There are cold places and then there is Kijabe. You can tell you are in a different place right from when you step off the vehicle at that nondescript junction off Nairobi-Nakuru highway. Everyone here is heavily clothed and with a woolen cap, ( I guess those caps are stuffed with chicken feathers too). Their sense of fashion too is gory to say the least, here matching colors is for the rainbows only.
Fifty shillings later, you will most likely find yourself at AIC kijabe mission hospital, at least that’s where my fifty Bob took me. Interestingly, there ain’t many matatus on this route, instead there is a herd of old Toyota fielders, most of them thirsting for a mechanic and a good wash. If it’s your first time here like me, you can’t tell that the fifty bob fare is actually a rip-off. It is really given that the vehicle uses more of gravity than fuel to descend to the bowel of the earth where the famous hospital is located. My fielder driver almost engaged neutral almost immediately we had left Stage ya Baridi ( na mahindi choma).
If you are one of those environmental freaks who love lots of green and chirping birds, this is your place.
There is nothing much to write about the hospital except for the fact that they start their day with lots of prayers, I guess to encourage the sick and the dying. Plus the queues can be loooooooong!!!
Of interest is people here are a tad more slower than most other places, except Mombasa of course. I guess the chilly weather got into them. There isn’t much you can do in this weather except eat much and make babies.
As I await my admission or release, I must write about the staff, specifically the ladies because what is a long read without ass in it,right? These ladies are breathtakingly beautiful and their uniform hug them in all the right places. Come to think of it, this is a deliberate misery distraction policy employed on the patients by the hospital. Clever chaps these ones!! If am to be admitted, am sure one of these girls will be the night nurse.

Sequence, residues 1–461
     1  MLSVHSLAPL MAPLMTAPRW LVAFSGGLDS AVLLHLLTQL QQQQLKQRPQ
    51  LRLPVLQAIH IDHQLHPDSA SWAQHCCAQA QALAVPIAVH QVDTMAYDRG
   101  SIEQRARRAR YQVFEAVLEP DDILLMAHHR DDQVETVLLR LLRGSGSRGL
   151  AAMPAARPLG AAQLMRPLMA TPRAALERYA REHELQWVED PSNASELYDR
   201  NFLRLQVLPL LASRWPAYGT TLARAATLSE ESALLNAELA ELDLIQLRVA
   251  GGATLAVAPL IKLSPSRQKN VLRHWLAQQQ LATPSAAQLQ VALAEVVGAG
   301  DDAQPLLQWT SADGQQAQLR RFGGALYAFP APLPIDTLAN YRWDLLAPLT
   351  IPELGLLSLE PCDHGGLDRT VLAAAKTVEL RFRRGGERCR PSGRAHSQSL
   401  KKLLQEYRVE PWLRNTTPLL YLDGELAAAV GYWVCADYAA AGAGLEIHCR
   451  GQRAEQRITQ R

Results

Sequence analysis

Today I was scheduled for an operation and unlike many of my inner circle, I was excited. I was excited because it would have put an end to the undescribable pain I go through everytime the pancreas decided to act up. One of these days, I will tell you about pancreatitis.
Back to the operation, it never went through. The doctor cited things I didn’t care to know and told me, “My conscience cannot allow me to cut you open as I can’t guarantee that the operation will take away the pain”. I was deflated and pissed!! Who wanted a guarantee? Isn’t that the reason we sign to take away the burden of certainty from his hands?
I hate pills and capsules.
These awards are meant to recognize badass Kenyans who don’t give Fs because they got none.
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Today there are two anniversaries in my calendar; three years of ‘good’ blogging (if you believe the WordPress people) and one year since i lost my second brother.
Happy Anniversary with WordPress.com!You registered on WordPress.com 3 years ago.Thanks for flying with us. Keep up the good blogging.
Today there are two anniversaries in my calendar; three years of ‘good’ blogging (if you believe the WordPress people) and one year since i lost my second brother. Continue reading “Anniversary”
Have you ever looked at your life and wondered whether the owner of the ostrich gave you someone else’s life script? Or wondered whether you jumped into the wrong queue and got a Zimbabwean life graph and then you dropped right in Kenya. These kinds of thoughts mostly occur when your life is worse than that of a C.A.R prisoner. These are the thoughts of a hoof eater, one who dreams of the liver and the fatty parts like the Most High’s sacrifice yet he/she lives on the knees and firestones of a cow. Continue reading “Tudor-Docks: Tales of the Matatu”